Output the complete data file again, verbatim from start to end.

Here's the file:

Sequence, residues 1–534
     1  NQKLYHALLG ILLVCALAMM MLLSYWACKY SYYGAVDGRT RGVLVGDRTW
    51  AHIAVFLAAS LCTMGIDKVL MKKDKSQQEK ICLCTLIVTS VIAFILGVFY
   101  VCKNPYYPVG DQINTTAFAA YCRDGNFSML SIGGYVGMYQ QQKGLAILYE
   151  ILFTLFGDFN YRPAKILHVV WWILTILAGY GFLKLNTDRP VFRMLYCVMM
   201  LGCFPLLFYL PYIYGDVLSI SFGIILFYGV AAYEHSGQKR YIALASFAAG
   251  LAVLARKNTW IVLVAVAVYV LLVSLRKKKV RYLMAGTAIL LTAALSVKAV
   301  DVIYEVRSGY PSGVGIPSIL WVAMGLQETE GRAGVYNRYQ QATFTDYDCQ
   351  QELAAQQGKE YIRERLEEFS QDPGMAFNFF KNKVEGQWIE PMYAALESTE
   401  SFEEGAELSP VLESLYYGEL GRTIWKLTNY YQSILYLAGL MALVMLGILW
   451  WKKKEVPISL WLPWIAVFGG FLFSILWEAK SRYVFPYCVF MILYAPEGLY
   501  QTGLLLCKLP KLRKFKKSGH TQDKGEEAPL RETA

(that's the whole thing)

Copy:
Sequence, residues 1–534
     1  NQKLYHALLG ILLVCALAMM MLLSYWACKY SYYGAVDGRT RGVLVGDRTW
    51  AHIAVFLAAS LCTMGIDKVL MKKDKSQQEK ICLCTLIVTS VIAFILGVFY
   101  VCKNPYYPVG DQINTTAFAA YCRDGNFSML SIGGYVGMYQ QQKGLAILYE
   151  ILFTLFGDFN YRPAKILHVV WWILTILAGY GFLKLNTDRP VFRMLYCVMM
   201  LGCFPLLFYL PYIYGDVLSI SFGIILFYGV AAYEHSGQKR YIALASFAAG
   251  LAVLARKNTW IVLVAVAVYV LLVSLRKKKV RYLMAGTAIL LTAALSVKAV
   301  DVIYEVRSGY PSGVGIPSIL WVAMGLQETE GRAGVYNRYQ QATFTDYDCQ
   351  QELAAQQGKE YIRERLEEFS QDPGMAFNFF KNKVEGQWIE PMYAALESTE
   401  SFEEGAELSP VLESLYYGEL GRTIWKLTNY YQSILYLAGL MALVMLGILW
   451  WKKKEVPISL WLPWIAVFGG FLFSILWEAK SRYVFPYCVF MILYAPEGLY
   501  QTGLLLCKLP KLRKFKKSGH TQDKGEEAPL RETA